“We have Halloween candy,” I said.

“I don’t know,” he said.

“Alcohol!” I said. ” It goes with pizza.”

“All we have is half a bottle of Jagermeister in the freezer.”

“Perfect,” I said. “Let’s go.”

“You go,” he said. “Do reconnaissance. I’ll join if I get a text from you.”

He handed me the Jagermeister and wished me luck. If he’d been watching me take off in the space shuttle, he could not have been more nervous about the outcome of my expedition.

With a baby on my hip and a freezing bottle of Jagermeister in my hand, I mounted the stairs and rang the bell.

Mary and her shiny tresses opened the door. Down the long exposed-brick-hallway, I could hear the party in full swing. I smelled pizza. I heard Wolf Blitzer.

“You had mentioned we should stop by some time so we could see the layout of your place and the baby is stir-crazy and I brought some Jagermeister. Your friend mentioned you were watching the storm reports, so…” I trailed off.

I knew she would pick up my unfinished thought and invite me in.

“Oh wow,” Mary said. “That’s so nice! Thank you!”

She clutched the bottle and called out to Tom. My daughter jumped out of my arms and raced down their hallway. I followed her. Soon I would be texting my husband! It was falling into place!

We exchanged a little neighbor first-date talk. Mary would be suggesting that they babysit our daughter soon. They needed practice after all; they were next, having been just married, right? I was always telling my husband, this is all it takes! A little effort, a little extroversion, and New York City can be a village!

“Thank you so much for stopping by!”Tom, non-profit, working-in-Brooklyn, record-collecting tight-jeaned husband put in. Someone was putting pizza on paper plates behind him and someone else was pouring wine.

I got dizzy. There was laughter and chatting in the distance. I struggled with blurred vision. I heard Wolf Blitzer’s monotone.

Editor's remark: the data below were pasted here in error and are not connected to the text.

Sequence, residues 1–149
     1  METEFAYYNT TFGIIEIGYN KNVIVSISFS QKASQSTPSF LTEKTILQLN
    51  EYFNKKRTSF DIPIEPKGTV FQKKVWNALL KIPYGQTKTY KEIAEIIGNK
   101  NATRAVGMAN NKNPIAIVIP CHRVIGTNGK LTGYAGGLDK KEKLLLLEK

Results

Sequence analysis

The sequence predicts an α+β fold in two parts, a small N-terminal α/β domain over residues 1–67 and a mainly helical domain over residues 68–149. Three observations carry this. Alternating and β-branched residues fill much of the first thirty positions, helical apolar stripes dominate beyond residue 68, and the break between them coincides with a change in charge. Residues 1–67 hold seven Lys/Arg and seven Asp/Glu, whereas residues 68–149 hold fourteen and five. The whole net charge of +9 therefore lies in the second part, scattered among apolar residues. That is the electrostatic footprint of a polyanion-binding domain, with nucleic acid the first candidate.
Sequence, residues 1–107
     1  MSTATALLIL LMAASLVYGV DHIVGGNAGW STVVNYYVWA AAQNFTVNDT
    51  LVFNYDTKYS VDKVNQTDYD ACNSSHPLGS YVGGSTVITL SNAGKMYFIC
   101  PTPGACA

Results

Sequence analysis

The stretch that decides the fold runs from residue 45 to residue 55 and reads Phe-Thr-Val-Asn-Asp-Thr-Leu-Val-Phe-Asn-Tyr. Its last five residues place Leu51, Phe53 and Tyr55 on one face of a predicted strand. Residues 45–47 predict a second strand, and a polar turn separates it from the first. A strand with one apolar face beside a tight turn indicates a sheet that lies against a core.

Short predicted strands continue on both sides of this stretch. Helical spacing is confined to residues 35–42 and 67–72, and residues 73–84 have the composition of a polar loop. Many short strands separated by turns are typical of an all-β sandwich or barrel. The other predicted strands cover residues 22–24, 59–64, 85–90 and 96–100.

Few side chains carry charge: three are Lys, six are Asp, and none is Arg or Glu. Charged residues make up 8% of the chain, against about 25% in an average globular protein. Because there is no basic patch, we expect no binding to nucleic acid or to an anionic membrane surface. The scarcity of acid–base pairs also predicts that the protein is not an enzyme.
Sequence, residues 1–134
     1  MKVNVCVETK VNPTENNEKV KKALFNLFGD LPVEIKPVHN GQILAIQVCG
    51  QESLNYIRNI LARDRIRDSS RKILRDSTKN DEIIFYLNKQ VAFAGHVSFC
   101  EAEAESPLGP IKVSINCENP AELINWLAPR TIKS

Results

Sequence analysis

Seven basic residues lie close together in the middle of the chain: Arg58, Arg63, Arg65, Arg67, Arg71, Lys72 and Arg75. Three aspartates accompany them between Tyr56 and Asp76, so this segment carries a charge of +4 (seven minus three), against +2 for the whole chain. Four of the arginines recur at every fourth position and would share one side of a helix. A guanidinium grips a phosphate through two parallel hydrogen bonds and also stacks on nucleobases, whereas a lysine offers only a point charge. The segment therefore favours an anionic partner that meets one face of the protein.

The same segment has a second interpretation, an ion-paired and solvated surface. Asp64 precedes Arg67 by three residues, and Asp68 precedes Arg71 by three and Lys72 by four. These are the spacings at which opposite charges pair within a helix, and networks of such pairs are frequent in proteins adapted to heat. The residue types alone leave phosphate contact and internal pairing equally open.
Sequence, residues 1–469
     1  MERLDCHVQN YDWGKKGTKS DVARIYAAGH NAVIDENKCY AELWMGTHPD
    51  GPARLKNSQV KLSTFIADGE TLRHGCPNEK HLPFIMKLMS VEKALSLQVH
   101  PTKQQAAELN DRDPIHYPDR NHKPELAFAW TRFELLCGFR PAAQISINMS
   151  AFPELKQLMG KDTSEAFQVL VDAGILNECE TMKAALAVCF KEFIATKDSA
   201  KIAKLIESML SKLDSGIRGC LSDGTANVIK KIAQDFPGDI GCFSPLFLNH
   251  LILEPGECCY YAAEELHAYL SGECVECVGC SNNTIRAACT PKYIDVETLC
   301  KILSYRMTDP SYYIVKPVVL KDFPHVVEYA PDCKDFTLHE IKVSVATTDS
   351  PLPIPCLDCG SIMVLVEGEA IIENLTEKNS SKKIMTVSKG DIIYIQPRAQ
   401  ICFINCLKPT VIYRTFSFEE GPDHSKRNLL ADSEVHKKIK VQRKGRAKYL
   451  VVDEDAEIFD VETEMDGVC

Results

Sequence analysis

I pried the baby off a potted plant and waved goodbye. Can you be gracious and awkward at the same time?

My husband’s face was puppy-dog expectant upon our return.

“Well?”

“I don’t think you need to put your shoes on, we’re not going to a party.”

My husband swallowed. Then he smiled appreciatively.

“Thanks for making the effort. It was a great idea. Should we put the Jagermeister back in the freezer or drink it?”

“I don’t have it.”

“What do you mean?”

“They liked the Jagermeister. I mean, they took it.”

“What do you mean, they took it?”

“They took it. I guess for their party.”

“What did you say? Here’s some Jagermeister, have a swell time with it?”

“No. I invited us to the party. That was inherent in the bringing of the Jagermeister.”

“You couldn’t have been clear. Nobody takes half a bottle of Jagermeister. It isn’t done.”

“I think it was.”

“You must have said something that implied it was a gift.”

“Why would I bring a gift in the middle of a hurricane to people we barely know?”

“You must have said something that led them to believe we didn’t want it anymore.”

“I didn’t! ”

My husband got very quiet.

“They stole our Jagermeister.”

“If you think you could have done it better, then you should have brought the Jagermeister.”

“You must have implied –”

“I didn’t!”

We went around like that for a while, as the baby dumped laundry on her head.

Mary and Tom don’t live here anymore. Their sublease ran out.

I think we are still friends on Facebook, but I haven’t checked in a while.

Maybe I should stalk Mary’s page and try to spot our bottle of Jagermeister in the background of one of their parties.

I haven’t the heart. They taught us a lesson on that fateful evening: We aren’t the cool kids. We aren’t kids at all. We are parents.

Against the mayor’s order, our youth had scurried outdoors, to be swept along at 100 miles per hour along with the brittle October leaves.